One of the best parts of mountain biking is that it enables you to journey farther and faster into the backcountry than you could on foot. This also means that when something goes wrong, such as an injury or a mechanical, it will likely be up to you to address the problem.
If you enjoy spending all day on the trails you should plan and pack accordingly.
Like most tools, these items are only useful if you know how to use them. It’s always best to ride with a group, but if venturing deep into the woods alone, be sure you have a basic understanding of first aid and also know how to:
In addition to nutrition, hydration and identification, here are 20 items you should consider bringing with you on your next backcountry mountain bike ride.
1. Spare tubes (Two)
Two spare tubes are a must for long rides Josh Patterson / Immediate Media
Carrying two spare tubes is a must for long mountain bike rides. Double flats happen — usually a split second after you call out to your riding buddies “Hey! Watch this!” High-speed descents through rock gardens and jumps with flat run-outs are notorious for pinching tubes and tires.
When riding with a group, I carry one tube for my wheel size and, regardless of what bike I’m riding, also carry a 27.5in tube. Why? Because in a jam a ‘tweener’ tube works well enough for both 26in and 29er tires that I can help out a fellow mountain biker in need.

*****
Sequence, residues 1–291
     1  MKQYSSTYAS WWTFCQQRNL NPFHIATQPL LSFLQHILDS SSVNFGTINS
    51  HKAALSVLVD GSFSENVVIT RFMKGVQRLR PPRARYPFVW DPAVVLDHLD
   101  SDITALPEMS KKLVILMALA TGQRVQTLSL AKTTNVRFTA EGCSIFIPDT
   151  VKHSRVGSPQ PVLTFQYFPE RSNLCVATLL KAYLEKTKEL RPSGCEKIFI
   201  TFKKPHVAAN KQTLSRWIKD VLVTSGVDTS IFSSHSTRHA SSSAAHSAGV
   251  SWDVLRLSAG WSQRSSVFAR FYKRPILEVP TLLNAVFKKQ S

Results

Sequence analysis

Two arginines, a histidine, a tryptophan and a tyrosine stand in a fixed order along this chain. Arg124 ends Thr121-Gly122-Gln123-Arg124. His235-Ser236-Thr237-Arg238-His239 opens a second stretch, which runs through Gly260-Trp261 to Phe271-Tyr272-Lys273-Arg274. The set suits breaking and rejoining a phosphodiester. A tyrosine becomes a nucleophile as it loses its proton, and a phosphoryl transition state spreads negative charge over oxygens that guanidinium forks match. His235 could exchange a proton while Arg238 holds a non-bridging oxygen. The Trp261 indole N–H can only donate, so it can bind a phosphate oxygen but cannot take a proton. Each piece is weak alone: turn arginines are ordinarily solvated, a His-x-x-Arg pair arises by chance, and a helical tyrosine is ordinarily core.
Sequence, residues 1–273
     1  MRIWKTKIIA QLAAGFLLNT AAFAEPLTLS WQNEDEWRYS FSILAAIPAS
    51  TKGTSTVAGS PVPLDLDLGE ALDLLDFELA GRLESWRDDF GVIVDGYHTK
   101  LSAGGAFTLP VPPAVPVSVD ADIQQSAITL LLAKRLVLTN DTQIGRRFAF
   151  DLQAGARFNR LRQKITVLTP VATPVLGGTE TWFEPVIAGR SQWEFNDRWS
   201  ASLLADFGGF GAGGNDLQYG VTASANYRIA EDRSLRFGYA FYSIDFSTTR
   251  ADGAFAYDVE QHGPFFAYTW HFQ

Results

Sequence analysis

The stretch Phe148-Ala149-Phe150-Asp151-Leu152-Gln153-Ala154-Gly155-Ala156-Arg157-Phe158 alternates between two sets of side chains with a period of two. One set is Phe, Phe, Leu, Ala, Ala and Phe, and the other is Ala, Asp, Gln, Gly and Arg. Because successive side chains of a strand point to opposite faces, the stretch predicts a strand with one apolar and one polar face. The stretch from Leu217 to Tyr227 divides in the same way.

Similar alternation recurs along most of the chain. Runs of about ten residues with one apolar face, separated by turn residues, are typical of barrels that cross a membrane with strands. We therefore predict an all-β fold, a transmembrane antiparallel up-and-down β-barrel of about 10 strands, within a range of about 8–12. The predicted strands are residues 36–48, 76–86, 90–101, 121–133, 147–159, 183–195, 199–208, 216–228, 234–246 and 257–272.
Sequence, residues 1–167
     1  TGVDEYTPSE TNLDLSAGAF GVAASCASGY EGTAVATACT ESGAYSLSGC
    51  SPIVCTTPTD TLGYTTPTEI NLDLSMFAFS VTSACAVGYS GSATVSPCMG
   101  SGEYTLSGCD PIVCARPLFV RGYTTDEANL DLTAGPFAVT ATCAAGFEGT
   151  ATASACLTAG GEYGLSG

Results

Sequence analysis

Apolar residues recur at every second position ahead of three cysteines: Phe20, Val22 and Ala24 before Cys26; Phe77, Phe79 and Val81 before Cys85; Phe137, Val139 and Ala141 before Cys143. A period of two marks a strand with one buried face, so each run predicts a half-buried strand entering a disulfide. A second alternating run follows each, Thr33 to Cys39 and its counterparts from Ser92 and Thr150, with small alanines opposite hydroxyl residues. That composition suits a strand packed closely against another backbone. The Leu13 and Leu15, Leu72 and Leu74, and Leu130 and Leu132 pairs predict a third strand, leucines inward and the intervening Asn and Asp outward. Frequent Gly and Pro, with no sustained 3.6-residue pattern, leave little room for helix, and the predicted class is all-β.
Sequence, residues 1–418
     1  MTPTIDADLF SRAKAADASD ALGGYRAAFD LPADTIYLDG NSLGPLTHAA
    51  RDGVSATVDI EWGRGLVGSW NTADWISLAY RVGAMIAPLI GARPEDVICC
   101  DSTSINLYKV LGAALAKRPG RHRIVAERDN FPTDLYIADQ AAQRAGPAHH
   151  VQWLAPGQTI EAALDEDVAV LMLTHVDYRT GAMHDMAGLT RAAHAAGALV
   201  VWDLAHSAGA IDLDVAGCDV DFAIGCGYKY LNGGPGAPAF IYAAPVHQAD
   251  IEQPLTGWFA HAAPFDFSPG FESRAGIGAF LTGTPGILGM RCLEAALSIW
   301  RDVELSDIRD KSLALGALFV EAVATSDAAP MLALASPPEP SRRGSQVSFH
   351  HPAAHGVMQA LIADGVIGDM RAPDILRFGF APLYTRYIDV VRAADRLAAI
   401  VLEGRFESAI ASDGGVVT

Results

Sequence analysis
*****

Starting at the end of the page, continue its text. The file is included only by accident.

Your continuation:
2. Patch kit
Patch kits take up very little room in your pack and are a necessity when you’ve used your last tube Josh Patterson / Immediate Media
Patch kits take up very little room in your pack and are a necessity when you’ve used your last tube. Glueless patches (shown here) are much faster to apply but don’t have the longevity of patches that use a vulcanizing agent.
3. Tire pump
A CO2 inflator and cartridges will get you rolling quicker, but a pump will work every time Josh Patterson / Immediate Media
The first two items are pretty useless without a pump. A CO2 inflator and cartridges are optional. They will get you up and rolling quicker, but a mini pump will work every time.
Never leave home without a good multi-tool, preferably one with a built-in chain tool Josh Patterson / Immediate Media
Never leave home without a good multi-tool. I always opt for a multi-tool with a built-in chain tool, a T25 torx, flathead and Philips screwdrivers, and at least 2.5 3,4,5,6 and 8mm Allen keys, and the most common spoke tool sizes. The Crankbrothers multi-tool shown here is good; a multi-tool that also has a built in pair of pliers and wire cutters is even better.
5. Tire lever
Many multi-tools have a tire lever built into them, they’re generally not as useful, nor as well constructed, as standalone levers Josh Patterson / Immediate Media
6. Shock pump
While modern air shocks are quite reliable, it’s still a good idea to pack a shock pump in case you develop a slow leak, or (more likely) if you find you need to fine-tune your suspension David Rome / Immediate Media
7. Chain lube
If you’re likely to encounter multiple stream crossings or a chance of showers, a small bottle of chain lube with a peice of cloth to clean the chain is a good addition to your kit Josh Patterson / Immediate Media
If you’re likely to encounter multiple stream crossings, dusty trail conditions, or a chance of showers on your ride then pack a small bottle of chain lube.
Tip: use a rubber band to wrap a section of cloth from a rag or old shirt around the bottle -— use it to clean grime off the chain before applying fresh chain lube, as well as to wipe off excess lube after application.
8. Lip balm
Keeping a stick of lip balm (preferably with an SPF rating) in your pack is a good idea when riding in dry environments Josh Patterson / Immediate Media